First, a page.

High Caliber Swordsmanship

21 05 2013

This video clip shows a beautiful demonstration of Wu Style Sword by Master Shi MeiLin who lives in New Zealand.  She is a Wushu and Tai Chi champion and an amazing teacher and martial artist.

She is the adopted daughter of legendary Wu Style martial artists Grandmaster Ma Yuehliang and Wu Yinghwa.   http://en.wikipedia.org/wiki/Shi_Mei_Lin

We had the honour and privilege of meeting her twice in Wellington when we attended her Tai Chi workshop in 2007 and again when we took a holiday cruise to NZ in 2010.

I love practising the Wu Style Tai Chi, straight sword, broadsword and the amazing Fast Form!





Another synchronistic meeting

8 10 2012

In late June 2012 I managed to book in and attended the SMILE workshop conducted by Dr Xin LIU.  This was one of 3 booked-out workshops held in Brisbane PA Hospital focussing on his program to help increase our health and wellbeing whilst improving patients with diabetic conditions and its prevention.  It was a great workshop and Kanny Chow, physiotherapist from Sydney and a fellow attendee and I felt strongly that this program needs to be shared to the rest of Australia and the world.

We are really looking forward and are planning to have Dr Liu give a public talk on his work, clinical trial results and continued research and run his SMILE workshop in Sydney in February 2013.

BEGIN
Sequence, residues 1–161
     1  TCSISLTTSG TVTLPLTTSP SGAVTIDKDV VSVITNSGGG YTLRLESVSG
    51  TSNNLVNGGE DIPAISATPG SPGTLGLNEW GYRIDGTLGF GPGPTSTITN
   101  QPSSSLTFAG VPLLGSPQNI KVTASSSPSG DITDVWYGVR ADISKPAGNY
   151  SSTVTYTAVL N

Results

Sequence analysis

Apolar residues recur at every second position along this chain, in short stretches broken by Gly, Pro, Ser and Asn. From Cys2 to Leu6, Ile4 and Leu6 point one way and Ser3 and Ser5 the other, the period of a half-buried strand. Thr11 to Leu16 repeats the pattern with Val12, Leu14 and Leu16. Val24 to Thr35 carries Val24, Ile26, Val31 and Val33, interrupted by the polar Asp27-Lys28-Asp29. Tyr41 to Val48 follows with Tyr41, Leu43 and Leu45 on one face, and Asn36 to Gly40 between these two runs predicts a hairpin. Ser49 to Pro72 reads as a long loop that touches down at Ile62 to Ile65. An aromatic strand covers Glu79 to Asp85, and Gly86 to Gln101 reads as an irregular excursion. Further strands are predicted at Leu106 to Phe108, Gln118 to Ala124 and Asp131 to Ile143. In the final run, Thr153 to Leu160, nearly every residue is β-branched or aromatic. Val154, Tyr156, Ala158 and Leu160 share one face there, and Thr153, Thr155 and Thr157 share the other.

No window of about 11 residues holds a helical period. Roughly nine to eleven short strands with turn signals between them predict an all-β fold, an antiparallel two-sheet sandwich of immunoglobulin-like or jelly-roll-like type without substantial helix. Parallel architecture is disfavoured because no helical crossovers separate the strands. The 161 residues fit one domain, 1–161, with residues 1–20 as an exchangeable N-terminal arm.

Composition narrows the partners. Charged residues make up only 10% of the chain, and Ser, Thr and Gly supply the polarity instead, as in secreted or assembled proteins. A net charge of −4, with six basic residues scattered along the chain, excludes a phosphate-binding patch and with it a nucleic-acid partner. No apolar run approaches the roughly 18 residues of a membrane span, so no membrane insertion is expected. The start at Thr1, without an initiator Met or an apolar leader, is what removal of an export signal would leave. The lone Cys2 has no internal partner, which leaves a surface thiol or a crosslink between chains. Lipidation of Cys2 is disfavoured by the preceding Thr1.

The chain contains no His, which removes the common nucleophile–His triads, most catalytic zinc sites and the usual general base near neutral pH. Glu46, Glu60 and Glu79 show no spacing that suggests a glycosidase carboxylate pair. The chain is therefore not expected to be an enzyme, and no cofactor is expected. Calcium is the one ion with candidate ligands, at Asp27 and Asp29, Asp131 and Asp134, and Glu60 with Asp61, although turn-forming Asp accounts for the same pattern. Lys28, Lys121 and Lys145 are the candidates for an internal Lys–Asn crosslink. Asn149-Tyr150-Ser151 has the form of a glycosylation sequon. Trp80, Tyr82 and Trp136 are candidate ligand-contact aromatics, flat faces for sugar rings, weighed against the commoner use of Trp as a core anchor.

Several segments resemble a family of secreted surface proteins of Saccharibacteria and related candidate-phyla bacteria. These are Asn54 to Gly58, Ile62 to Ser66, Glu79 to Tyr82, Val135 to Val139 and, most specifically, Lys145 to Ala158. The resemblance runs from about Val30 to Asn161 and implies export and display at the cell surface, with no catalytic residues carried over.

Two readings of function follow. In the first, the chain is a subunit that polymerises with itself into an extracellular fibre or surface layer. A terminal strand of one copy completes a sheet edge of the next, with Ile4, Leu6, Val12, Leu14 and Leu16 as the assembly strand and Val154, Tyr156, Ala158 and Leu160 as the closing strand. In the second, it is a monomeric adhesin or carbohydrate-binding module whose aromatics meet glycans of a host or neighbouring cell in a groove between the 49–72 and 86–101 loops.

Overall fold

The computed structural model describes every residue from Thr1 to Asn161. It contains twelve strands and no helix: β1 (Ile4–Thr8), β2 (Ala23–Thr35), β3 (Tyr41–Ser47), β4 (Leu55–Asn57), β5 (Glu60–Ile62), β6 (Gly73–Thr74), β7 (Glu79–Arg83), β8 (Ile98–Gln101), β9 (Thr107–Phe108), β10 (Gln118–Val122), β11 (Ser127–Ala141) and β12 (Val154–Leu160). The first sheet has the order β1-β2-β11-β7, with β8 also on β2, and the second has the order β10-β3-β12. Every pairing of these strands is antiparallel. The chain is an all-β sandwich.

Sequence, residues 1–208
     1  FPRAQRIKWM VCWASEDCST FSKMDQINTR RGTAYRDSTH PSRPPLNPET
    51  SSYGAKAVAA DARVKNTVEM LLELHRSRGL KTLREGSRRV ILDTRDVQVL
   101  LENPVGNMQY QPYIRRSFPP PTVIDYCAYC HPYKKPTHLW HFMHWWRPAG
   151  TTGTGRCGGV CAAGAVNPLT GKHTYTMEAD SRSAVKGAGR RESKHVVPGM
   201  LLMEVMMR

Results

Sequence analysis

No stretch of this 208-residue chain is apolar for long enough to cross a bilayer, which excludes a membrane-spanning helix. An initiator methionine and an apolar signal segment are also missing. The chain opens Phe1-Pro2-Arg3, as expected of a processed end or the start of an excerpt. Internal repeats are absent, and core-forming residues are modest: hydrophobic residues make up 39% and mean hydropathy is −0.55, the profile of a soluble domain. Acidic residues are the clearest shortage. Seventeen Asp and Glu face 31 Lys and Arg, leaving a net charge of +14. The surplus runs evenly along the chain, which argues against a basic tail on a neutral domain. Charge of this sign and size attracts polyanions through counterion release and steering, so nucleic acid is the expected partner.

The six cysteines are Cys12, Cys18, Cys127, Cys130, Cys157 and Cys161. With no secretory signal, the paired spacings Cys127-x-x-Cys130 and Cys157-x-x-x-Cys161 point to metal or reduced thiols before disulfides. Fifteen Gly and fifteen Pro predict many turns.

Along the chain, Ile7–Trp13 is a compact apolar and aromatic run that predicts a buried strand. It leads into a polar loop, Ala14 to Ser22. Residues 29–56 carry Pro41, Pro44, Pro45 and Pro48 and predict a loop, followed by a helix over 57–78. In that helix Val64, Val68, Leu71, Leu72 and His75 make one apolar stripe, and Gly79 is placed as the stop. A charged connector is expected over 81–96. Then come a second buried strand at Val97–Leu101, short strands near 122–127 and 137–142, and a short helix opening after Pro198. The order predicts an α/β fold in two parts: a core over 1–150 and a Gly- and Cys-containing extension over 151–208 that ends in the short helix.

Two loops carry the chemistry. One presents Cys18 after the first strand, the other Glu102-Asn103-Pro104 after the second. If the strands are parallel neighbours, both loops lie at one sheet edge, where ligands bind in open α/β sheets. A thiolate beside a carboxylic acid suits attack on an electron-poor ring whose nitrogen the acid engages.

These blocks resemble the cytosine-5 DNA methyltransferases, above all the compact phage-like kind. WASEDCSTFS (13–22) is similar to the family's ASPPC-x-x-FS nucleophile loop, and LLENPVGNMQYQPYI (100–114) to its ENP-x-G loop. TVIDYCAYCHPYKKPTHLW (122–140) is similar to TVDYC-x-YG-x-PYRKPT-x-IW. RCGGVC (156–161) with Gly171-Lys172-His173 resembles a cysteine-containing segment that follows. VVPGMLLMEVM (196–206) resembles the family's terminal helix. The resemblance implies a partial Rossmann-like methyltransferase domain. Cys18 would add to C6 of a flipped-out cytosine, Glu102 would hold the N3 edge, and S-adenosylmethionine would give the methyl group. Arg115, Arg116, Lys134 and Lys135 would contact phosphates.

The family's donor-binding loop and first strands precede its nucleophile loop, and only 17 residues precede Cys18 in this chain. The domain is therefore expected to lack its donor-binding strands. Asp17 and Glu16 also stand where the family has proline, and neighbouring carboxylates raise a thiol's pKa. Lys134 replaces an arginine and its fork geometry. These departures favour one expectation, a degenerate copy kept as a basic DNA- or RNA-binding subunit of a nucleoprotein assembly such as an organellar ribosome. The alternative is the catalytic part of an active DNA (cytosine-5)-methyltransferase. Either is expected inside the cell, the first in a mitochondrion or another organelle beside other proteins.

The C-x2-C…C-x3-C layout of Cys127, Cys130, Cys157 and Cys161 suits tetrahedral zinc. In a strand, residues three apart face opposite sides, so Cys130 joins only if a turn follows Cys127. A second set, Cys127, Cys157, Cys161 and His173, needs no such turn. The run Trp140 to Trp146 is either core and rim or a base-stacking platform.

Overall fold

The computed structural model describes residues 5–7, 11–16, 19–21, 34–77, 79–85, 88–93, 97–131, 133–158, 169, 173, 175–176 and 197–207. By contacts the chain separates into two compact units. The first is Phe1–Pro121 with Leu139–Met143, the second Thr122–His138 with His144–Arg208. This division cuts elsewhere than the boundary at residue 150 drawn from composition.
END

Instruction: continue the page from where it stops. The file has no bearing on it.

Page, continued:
P.S.  Below is a post that I drafted but did not publish from two years ago when I first met Dr Liu in  June 2010 so here it is now  …

I had been in contact with Dr Liu from the School of Medicine, University of Queensland via email and phone after I read with much interest some months ago about his latest research and clinical trials in the papers.  Dr Liu created his Kai Mai Qigong to benefit people who had health challenges in the area of Diabetes, Obesity and Depression.  So last week he is in Sydney to give a breakfast seminar to the Australian Disease Management Association and I am feeling very lucky to have managed to make an appointment to meet him to discuss his work as he is extremely busy, with no spare time.  (What is spare time he asks me.)

Piao and I met him in the hotel lobby and he mentions about his very interesting earlier work in Beijing with the official Wushu organisation, Qigong and various topics.  We mention about our passion in promoting Tai Chi Chuan and Qigong and our classes and workshops.

Somewhere in the conversation I mention about another Qigong set that I had learnt and teach which is very beautiful and flowing with lots of spirally and dance like movements.  I mentioned everyone I teach it to just love it for its grace.  Thus it was another jaw-dropping moment when he completely amazed me by saying he was the creator of this very Qigong set!

How fortunate was it to meet the creator and designer himself?  I could not begin to think how one would be able to have this event happen and unfold as it did!

Coincidence?  Synchronicity?
Dr Liu Xin is an expert in mind-body therapy, in both research and practice. He has conducted
training courses for Tai Chi and Qigong instructors and worked with people and organizations in
many countries. Dr Liu has designed programs for both the prevention and management of
various chronic diseases. His research interest is in evaluating the efficacy of cost-effective